Developers paid $62.5 million for an aging shopping center just off the Durham Freeway last week and plan to transform the 10-acre site into a “life sciences campus.”
The investment group bought the land just south of N.C. 147 and on the west side of Fayetteville Street. It’s near the Durham Bulls Athletic Park and American Tobacco Campus with a clear view of the ever-rising downtown skyline. The two parcels today are home to Heritage Square and Pelican’s SnoBalls.
No formal plans have been filed with the city, but a spokesperson for Sterling Bay — the Chicago-based development firm at the center of the project — said labs, offices and residential units are all part of the vision.
They declined to answer questions from The N&O about the project and efforts to engage the community.
“We are in the very early stages of the project and are excited about the future of the site and the growth of life sciences in Durham, but do not have more information to share at this point,” the group said through a publicist’s email. “We look forward to getting to work, meeting with local residents and stakeholders, and making progress on programming and design, and we would be happy to circle back when there is more information to share.”
The group said the talent pool fostered by the region’s universities was a big selling point and noted the presence of Google and GlaxoSmithKline.
“Raleigh-Durham is an exciting U.S. growth market with unique character,” Sterling Bay CEO Andy Gloor said in a press release.
Hayti has tangled history
The site is commercially zoned. Its nearest neighbors include a historic Black church whose congregation has worshiped on its property since 1897 and the Durham Freeway, which in the 1960s cut the Hayti community off from downtown and destroyed a once-thriving thriving Black neighborhood.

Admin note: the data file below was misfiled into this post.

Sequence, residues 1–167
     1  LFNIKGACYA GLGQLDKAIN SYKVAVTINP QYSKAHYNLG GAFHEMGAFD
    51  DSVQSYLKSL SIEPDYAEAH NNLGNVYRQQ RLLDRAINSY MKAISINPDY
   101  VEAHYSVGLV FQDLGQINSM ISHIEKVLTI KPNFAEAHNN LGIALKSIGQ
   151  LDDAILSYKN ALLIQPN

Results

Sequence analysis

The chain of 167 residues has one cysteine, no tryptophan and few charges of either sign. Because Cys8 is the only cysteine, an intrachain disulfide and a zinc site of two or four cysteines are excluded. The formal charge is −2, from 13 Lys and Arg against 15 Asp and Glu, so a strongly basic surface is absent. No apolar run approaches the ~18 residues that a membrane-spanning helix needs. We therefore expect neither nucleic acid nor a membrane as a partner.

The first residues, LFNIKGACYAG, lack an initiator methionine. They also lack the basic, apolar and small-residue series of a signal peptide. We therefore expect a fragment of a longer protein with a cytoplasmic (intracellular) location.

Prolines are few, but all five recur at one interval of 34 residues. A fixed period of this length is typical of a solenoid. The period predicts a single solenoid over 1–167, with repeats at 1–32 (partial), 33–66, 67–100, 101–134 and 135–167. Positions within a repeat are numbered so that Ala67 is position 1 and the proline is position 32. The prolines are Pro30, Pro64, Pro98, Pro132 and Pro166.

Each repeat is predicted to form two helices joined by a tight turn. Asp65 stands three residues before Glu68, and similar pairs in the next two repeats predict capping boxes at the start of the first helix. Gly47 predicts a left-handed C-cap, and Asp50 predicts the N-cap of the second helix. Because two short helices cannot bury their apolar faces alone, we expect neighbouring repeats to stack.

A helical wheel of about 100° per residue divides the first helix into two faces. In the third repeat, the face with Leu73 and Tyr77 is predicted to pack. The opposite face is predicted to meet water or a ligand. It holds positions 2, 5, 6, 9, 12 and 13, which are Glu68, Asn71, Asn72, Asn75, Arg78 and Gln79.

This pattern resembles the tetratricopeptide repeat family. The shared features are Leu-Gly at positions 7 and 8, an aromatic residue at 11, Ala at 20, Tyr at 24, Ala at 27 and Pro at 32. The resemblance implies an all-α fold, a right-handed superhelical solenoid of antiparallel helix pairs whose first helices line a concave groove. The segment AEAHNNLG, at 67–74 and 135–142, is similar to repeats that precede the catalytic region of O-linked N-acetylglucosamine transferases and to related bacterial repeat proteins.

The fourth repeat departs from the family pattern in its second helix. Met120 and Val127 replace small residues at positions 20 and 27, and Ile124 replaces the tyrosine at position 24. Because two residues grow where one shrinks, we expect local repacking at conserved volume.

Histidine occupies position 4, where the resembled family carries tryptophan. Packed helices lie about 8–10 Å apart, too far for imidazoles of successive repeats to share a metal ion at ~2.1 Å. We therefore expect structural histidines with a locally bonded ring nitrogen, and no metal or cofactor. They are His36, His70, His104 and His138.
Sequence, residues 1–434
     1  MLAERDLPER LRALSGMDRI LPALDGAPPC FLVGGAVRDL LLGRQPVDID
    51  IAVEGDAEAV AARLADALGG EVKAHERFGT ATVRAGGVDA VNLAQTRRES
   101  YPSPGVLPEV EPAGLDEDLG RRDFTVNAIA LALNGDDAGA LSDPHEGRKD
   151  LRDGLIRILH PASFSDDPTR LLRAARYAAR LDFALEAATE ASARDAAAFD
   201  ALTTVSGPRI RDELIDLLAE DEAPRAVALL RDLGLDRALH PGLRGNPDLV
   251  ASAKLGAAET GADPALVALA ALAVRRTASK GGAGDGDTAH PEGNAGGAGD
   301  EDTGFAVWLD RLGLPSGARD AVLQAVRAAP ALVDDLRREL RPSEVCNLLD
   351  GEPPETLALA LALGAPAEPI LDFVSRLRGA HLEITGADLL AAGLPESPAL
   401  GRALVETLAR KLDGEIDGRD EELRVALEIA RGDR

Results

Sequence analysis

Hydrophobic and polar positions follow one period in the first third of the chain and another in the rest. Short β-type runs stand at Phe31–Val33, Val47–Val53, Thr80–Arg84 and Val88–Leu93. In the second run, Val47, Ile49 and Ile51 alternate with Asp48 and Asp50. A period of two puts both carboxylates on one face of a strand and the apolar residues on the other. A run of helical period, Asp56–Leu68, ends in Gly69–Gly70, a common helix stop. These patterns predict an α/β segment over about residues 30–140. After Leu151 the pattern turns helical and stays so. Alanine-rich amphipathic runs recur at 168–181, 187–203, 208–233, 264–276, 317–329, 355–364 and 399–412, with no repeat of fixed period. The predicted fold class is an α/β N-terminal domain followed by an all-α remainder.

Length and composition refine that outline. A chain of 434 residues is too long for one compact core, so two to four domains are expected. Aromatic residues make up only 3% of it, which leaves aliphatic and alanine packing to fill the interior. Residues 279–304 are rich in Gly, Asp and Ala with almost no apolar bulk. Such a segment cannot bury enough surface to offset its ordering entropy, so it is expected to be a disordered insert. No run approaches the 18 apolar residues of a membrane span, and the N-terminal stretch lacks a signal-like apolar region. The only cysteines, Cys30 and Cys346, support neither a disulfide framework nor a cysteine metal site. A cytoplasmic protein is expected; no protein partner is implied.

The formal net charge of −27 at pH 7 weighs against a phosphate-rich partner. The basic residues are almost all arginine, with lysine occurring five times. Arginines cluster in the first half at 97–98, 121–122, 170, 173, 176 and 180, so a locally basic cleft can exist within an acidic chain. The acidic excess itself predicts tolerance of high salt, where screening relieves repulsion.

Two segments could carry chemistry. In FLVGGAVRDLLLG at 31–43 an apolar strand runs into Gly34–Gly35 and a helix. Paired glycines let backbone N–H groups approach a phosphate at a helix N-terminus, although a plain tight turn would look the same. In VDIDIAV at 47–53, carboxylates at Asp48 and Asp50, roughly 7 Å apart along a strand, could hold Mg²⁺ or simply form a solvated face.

Julian Pridgen, pastor of St. Mark AME Zion Church, said the church has yet to be contacted by its new neighbors.
“It’s a little bit of a shocker to me,” Pridgen said of the sale. “I hope whatever they do — how do I say it? — I hope they will consider the existing community.”
He’d like the developers to hold meetings and ask for input before they formulate their plans.
“Hear us,” Pridgen said.
Future uncertain for Food World and Pelican’s SnoBalls
Though the property was marketed as “shovel-ready” in a press release JLL Capital markets, which arranged the sale, there are a few business still there, including Food World and Pelican’s SnoBalls.
Kwang Lee has owned the international grocery store Food World since 2005.
“Nobody knows,” Lee said when asked what would happen to his business.
It’s one of few grocery stores accessible to residents of Hayti and downtown. Pridgen said he worried about the impact on those who walk to the store.
Food World and a Family Dollar are the only remaining tenants operating in Heritage Square, a one-story shopping center which dates to 1985.
The remaining storefronts are now vacant, the cracked pavement largely empty of cars. A year ago, they housed beauty supply shops, an auto repair center, an outpatient clinic for people struggling with mental health and substance abuse, a flea mall and a Subway sandwich shop.